What is my manager's solution? We maintain a list of everyone's password in a "locked" file share that only the Domain Administrators have access too. Before logging anyone out, I log in with their credentials and close down spreadsheets and the like ensuring everything is saved. He doesn't like it at all, either. However, he's been chewed by senior staff so much for the lost work and they refuse to accept training, best practices, or write a policy that would enable us to avoid this situation.

I'm sure that this is not only a massive security hole, but I'm concerned it's a legal liability. I've been doing some research, but can't seem to find a case or news story that I can wave around in management's face. I figure if they can't understand why something is bad in a technical security approach, I'll give them a legal approach. Legal liability is something I think they would not only take seriously, but would understand much better. Unfortunately, without some sort of precedent where a company suffered some sort of loss in the legal arena, I doubt they'll change policy. We have a lot of information that can lead to identity theft on our network.

So specifically, I need to know if anyone knows of a case where maintaining a list of current user passwords made a company legally liable for the loss of some client data. Even better, if said company was also financially liable for that loss, I'd have an ace in the hole.

Then again, I'm just an Idealistic Computer Science Student(TM). Should I just give up now on the fight?"
The Internet

Submission + - Comedian gets BT boss to fix his broadband (pcpro.co.uk)

Barence writes: "British comedian Dave Gorman has found a surefire way of getting your BT broadband connection fixed — email CEO Ian Livingston. Following on from his brilliant blog post a few days ago — in which he asked the perfectly reasonable question, why don't ISPs give out courtesy mobile broadband dongles when your connection fails? — Gorman's latest blog post provides hilarious details of the incompetence of BT's support desk, with staff repeatedly failing to diagnose the problem, so he went straight to the top — he emailed the CEO. Lo and behold, the connection was repaired within hours. Apparently it helps to be a celebrity."

Submission + - Cause of Alzheimer's Identified

KBKarma writes: A team of researchers, including several biochemists from University College Dublin, have found the cause of Alzheimer's disease. It is caused by a build-up of a certain protein, called amyloid ß-protein, or Aß, in the brain. These proteins cause a "loss of dendritic spines", which may result in the memory loss so commonly associated with Alzheimer's disease.

Submission + - BBC Music (beta) (opera.com)

coxy writes: "The BBC have launched the beta of their new BBC Music (beta) website that drags in data from a combination of different services — primarily MusicBrainz, Wikipedia, and their own music database — displaying it all in a nice, presentable format, which will undoubtedly become a great resource for both listeners and artists."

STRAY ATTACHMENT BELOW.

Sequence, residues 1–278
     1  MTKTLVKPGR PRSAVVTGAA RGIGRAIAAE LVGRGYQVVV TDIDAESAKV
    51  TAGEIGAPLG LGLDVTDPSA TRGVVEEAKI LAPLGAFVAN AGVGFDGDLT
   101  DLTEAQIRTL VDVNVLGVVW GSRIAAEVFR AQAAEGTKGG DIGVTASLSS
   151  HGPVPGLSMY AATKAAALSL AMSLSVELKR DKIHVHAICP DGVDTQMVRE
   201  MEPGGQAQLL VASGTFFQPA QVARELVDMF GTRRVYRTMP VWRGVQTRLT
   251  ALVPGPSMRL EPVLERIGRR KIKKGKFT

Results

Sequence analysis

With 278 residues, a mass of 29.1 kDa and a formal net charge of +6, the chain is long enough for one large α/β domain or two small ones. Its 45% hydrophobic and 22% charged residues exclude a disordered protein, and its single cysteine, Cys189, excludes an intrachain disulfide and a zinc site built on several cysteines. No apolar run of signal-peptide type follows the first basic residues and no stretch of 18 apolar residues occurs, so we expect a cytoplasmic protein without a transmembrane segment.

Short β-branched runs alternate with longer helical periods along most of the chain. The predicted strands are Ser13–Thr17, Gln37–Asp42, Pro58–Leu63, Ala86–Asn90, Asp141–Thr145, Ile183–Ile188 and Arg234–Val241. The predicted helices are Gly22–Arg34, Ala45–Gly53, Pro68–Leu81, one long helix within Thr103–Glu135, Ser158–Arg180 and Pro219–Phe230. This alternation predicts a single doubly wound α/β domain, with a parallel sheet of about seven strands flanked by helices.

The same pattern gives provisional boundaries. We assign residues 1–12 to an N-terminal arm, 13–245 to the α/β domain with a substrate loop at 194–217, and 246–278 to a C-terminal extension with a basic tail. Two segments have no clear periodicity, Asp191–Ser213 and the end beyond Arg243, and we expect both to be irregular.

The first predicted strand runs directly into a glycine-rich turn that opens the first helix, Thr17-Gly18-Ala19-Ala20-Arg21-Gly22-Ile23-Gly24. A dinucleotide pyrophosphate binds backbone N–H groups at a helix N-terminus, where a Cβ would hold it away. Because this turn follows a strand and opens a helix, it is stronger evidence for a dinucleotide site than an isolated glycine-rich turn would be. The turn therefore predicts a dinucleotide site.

Submission + - Virgin Galactic shows the finished WhiteKnight Two (spacefellowship.com)

Klaus Schmidt writes: "Virgin Galactic today unveiled their WhiteKnight Two mothership, called "EVE". It is designed to carry the smaller SpaceShip Two into space. The rollout represents another major milestone in Virgin Galactic's quest to launch the world's first private, environmentally benign, space access system for people, payload and science. Christened "EVE" in honor of Sir Richard's mother, who performed the official naming ceremony, WK2 is both visually remarkable and represents ground-breaking aerospace technology. It is the world's largest all carbon composite aircraft and many of its component parts have been built using composite materials for the very first time. At 140 ft, the wing spar is the longest single carbon composite aviation component ever manufactured."

Submission + - New "fuel battery" beats energy density of

holy_calamity writes: "A US researcher has created a portable store of electrical power that is part battery, part fuel cell. And it stores energy more densely than gasoline, a benchmark batteries are far from matching. The cell oxidises a fuel supply like a fuel cell, but the fuel serves as the cell's anode too, like in a battery. The inventor imagines drivers swapping exhausted vanadium boride anodes for fresh ones at filling stations."

Submission + - EU tells UK to deal with Phorm - or else (theregister.co.uk)

Dan541 writes: "

The European Commission has sent a message to the British government, and it reads something like this: "If you don't deal with Phorm, we will." Earlier this month, according to Dow Jones, the European Union commissioner for information society and media sent a "pre-warning letter" to UK authorities, voicing her concern over Phorm, the behavioral ad targeter poised to track user activity on Britain's three largest ISPs: BT, Carphone Warehouse, and Virgin Media. BT has already conducted two trials with Phorm — and web surfers were not notified. "It is very clear in E.U. directives that unless someone specifically gives authorization (to track consumer activity on the Web) then you don't have the right to do that," EU commissioner Viviane Reding said. If UK government does not deal with the issue, Dow Jones says, the EC could take action in the European Court of Justice.

I'm lost for words, the EU is now standing up for our rights. http://www.theregister.co.uk/2008/07/16/eu_warns_uk_over_phorm/"


Submission + - Spam King dead in apparent murder-suicide (zdnet.com)

folababa writes: "Convicted spammer Eddie Davidson, who escaped from federal prison over the weekend, killed his wife and 3-year-old daughter before killing himself in what is being described as a murder-suicide.
Colorado's 9News.com said the tragic end of the man known as the "Spam King" was confirmed by the U.S. Attorney's Office"

Some programming languages manage to absorb change, but withstand progress. -- Epigrams in Programming, ACM SIGPLAN Sept. 1982